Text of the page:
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Pope increases punishment for child abuse crimes in Vatican

Pope Francis signed a law that broadens the scope of punishment for sexual crimes against children and money laundering in the Vatican city state.

Clone of Pope Francis Lampedusa July 2013Enlarge
Pope Francis (C) signed legislation making it a crime to abuse children sexually or physically on Vatican grounds. (Alessandro Tarantino/AFP/Getty Images)

Pope Francis tightened laws on crimes that include the physical or sexual abuse of children on Vatican grounds.

Crimes now punishable under the legislation include child pornography, child prostitution, sexual acts or violence against children.

The law covers crimes that are already outlawed, but specifically applies them to officials and employees of the Vatican city state Roman Curia, where hundreds of people currently live and work.

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It also includes a provision that makes it possible to indict those individuals for crimes committed beyond the grounds of the Vatican city state.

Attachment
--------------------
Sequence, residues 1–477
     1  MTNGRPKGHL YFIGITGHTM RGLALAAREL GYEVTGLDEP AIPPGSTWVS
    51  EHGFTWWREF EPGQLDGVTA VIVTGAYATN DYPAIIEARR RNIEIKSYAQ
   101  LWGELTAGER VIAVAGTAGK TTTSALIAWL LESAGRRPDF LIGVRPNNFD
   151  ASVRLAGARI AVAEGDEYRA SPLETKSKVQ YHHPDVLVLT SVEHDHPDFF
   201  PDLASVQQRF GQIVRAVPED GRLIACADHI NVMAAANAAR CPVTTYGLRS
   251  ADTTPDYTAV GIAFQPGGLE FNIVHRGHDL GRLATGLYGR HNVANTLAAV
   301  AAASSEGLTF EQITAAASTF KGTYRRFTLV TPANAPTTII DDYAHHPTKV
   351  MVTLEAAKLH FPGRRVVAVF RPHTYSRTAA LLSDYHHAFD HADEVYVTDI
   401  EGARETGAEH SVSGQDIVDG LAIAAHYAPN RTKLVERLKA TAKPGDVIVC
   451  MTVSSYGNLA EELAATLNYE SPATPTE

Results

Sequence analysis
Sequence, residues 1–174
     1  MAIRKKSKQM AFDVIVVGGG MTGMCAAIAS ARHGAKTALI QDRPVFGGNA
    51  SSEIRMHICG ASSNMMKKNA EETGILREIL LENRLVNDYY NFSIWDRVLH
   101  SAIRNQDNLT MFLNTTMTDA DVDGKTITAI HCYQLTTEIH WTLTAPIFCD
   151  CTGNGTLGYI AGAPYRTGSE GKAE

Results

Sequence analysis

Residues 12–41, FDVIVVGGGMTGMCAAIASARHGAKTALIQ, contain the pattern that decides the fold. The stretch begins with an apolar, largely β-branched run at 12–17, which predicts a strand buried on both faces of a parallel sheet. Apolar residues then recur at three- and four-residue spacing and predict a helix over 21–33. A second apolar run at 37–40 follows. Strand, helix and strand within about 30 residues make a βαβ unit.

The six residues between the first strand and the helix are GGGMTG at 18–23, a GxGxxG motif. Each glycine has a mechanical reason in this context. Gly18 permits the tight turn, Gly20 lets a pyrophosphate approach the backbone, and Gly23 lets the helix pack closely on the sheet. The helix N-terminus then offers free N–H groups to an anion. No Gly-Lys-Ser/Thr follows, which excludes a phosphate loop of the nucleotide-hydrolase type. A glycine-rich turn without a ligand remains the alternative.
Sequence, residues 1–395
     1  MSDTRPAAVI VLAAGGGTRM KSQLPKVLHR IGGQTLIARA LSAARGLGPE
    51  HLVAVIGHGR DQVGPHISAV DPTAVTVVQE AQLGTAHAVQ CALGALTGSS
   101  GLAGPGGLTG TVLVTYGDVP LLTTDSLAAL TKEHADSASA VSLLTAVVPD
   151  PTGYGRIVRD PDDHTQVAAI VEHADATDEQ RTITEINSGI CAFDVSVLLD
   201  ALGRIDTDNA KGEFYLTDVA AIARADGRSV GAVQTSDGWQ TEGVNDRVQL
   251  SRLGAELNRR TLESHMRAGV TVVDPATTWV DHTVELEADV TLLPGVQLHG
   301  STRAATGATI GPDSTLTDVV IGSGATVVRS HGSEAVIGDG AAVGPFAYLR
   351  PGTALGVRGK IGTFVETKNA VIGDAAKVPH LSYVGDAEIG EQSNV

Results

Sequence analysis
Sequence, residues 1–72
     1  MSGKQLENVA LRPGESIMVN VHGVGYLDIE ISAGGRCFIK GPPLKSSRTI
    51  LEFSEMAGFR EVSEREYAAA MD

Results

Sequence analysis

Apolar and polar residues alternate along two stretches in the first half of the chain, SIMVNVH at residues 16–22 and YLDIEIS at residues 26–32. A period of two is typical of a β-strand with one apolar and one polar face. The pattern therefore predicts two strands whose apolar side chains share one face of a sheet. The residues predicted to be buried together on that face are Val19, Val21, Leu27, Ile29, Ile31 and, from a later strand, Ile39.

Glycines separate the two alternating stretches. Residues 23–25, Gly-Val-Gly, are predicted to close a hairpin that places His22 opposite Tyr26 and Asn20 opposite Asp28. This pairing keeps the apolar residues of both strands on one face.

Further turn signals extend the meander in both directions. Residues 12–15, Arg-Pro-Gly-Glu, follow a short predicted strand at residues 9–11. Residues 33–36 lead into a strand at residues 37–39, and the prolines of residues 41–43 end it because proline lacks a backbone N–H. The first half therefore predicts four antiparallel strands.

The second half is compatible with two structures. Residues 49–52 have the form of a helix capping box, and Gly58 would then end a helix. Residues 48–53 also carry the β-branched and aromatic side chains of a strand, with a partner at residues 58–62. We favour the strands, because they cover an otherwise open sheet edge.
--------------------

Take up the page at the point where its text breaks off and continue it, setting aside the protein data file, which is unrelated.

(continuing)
Francis also issued a "Motu Proprio," or a decree of his own initiative, to crack down on money laundering and terrorism in an effort to align the Vatican with current international laws.

The new legislation, which takes some of its wording from the Geneva Conventions, holds the Vatican to some international legal standards on issues such as war crimes, racial discrimination and "humiliating treatment or punishment."

The changes come amid a number of recent sex abuse and corruption scandals plaguing the Vatican, as Francis continues to overhaul its legal system.

The laws go into effect on September 1.